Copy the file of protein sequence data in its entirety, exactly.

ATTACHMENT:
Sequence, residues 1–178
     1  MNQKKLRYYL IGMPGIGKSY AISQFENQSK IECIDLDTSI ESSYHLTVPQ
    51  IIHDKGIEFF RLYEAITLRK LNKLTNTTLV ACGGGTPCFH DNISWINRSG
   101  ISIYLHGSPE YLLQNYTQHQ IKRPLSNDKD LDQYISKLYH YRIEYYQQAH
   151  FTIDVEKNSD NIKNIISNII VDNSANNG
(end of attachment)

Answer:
Sequence, residues 1–178
     1  MNQKKLRYYL IGMPGIGKSY AISQFENQSK IECIDLDTSI ESSYHLTVPQ
    51  IIHDKGIEFF RLYEAITLRK LNKLTNTTLV ACGGGTPCFH DNISWINRSG
   101  ISIYLHGSPE YLLQNYTQHQ IKRPLSNDKD LDQYISKLYH YRIEYYQQAH
   151  FTIDVEKNSD NIKNIISNII VDNSANNG